Metro Manila is the bustling capital of the Philippines. A crowded city of 1,7 millions people that is divided into several smaller cities.
I visited Makati City, which is known as the business and financial center of Metro Manila. You can observe the traffic filled streets, workers queuing up for their daily commute on buses and jeepneys (old World War Jeep converted into a full of blink public transport), neon lit streets of bars and hotels. Makati displays the Filipinos working hard for their dream.
Where you find hard working people, you will find eateries which serve local favorite for workers to get their daily meals. The upside of staying in Makati City is, usually all of those places are only walking distance away.
Fast Food Haven
You can’t talk about Filipinos cuisine without mentioning Jollibee. What started as a local Fried Chicken restaurant had grow to a huge chain in several countries. The locals love to have a side of gravy with their fried chicken. Even KFC in the Philippines serves this gravy as well. The chicken taste great and good quality.
If you have been following my posts, you’ll know that I have a personal mission to taste KFC in every country I visit. Now that I’ve tasted the local favorite Jollibee, time to pay a visit to good old grandpa Sanders. The chicken is quite good and on the same level as Jollibee’s. However the Sisig Rice Bowl that you see above stole my heart. It has a great blend of sauce, egg, rice and chicken. I’d say that you have to try this if you go to KFC in the Philippines.
I found this New York style pizza in Ayala Center Makati. You can see how prominent the American influence is in the Philippines. Seeing a workers queuing up to get a slice of pizza feels so American to me. The pizza is nice and they serves fried chicken as well. The fried chicken is a different style from Jollibee or KFC. I start to think maybe Filipinos love their fried chicken gravy like Indonesians love their sambal. You seem to find them everywhere.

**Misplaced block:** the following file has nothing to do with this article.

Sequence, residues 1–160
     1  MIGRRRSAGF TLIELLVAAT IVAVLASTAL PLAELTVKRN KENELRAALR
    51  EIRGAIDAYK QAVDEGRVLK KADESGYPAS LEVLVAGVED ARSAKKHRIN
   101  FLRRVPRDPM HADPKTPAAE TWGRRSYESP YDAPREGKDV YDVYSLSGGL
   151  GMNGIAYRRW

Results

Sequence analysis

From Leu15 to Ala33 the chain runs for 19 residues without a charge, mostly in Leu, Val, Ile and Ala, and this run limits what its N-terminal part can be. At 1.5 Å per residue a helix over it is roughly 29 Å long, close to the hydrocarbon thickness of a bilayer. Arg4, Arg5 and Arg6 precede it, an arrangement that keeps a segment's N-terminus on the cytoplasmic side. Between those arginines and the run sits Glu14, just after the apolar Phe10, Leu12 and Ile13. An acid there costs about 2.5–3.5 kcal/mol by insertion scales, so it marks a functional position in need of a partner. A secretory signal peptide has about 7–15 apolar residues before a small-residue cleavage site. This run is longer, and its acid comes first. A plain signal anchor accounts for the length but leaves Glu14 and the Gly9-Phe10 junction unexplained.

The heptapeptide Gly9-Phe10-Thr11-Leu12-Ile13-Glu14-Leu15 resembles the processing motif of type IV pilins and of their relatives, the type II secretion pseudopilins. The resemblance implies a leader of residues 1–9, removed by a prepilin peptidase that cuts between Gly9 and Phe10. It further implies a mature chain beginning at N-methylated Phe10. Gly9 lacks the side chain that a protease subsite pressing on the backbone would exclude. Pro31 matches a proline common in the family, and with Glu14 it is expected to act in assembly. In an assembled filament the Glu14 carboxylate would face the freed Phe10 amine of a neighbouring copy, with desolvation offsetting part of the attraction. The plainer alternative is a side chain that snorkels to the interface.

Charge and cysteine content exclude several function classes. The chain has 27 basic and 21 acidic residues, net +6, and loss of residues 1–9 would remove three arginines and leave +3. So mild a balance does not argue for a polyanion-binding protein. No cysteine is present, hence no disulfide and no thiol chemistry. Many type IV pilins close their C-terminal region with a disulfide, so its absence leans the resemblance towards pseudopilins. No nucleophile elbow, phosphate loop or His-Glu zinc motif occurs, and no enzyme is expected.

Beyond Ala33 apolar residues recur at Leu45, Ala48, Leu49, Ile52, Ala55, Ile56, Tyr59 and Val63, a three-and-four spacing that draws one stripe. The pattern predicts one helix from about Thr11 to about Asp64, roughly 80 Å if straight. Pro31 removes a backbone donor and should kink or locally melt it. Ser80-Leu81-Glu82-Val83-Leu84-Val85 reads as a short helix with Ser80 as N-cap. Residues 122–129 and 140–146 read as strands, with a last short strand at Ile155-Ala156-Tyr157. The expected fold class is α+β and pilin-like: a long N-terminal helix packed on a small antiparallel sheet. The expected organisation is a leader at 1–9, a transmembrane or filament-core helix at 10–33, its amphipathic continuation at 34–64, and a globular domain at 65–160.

What if you worked/explored until late at night and most of the restaurants are already closed? Then stop by to a convenience store! I joined the tired faced locals filling their belly while waiting for bus ride home. You can find the usual Asian convenience store food such as a cup of instant noodle, dumplings, sausages, fried skewers, and don’t forget the local favorite of fried chicken with gravy. The food taste decent and quite cheap. The fried chicken is not as good as one you can find in restaurants but still good nonetheless.
Filipinos have this famous breakfast staple called Tapa/Tapsilog. A rice dish accompanied with Sunny side egg and meat. Think of it as their version of Malaysian Nasi Lemak or Indonesian Nasi Uduk. A great and heavy meal to start your day with a smile. I had this dish in 2 different places and I can vouch that Rufo didn’t lie when he said that their Tapa is famous.
Other famous Filipino specialities are Kare-kare, Adobo, Sisig (the original one, not KFC’s) and Bangus fish. I had several great one in Makati but I highly recommend the Manam restaurant. They serve local dishes with 2 styles, traditional and their own modern twist.
Foreign influence in Manila
Being an important port town of Spanish Empire and situated in South East Asia, Manila has a significant foreign influence in it’s identity. This covers food as well. You can find Bacolod style grilled chicken that is similar to Malaysian & Indonesian Ayam Bakar.
There is Chinese influenced Lumpia in Binondo (Chinatown), similar to Indonesian’s Lumpia Semarang or Malaysian Popiah but taste sweeter because of significant amount of penaut fillings.
Manila had a significant amount of Jewish settler. You can find great Middle Eastern restaurant like Beni’s and get yourself a great Hummus and Falafel.
The great Halo-halo (means mix-mix) will save your life in a hot and sunny Manila.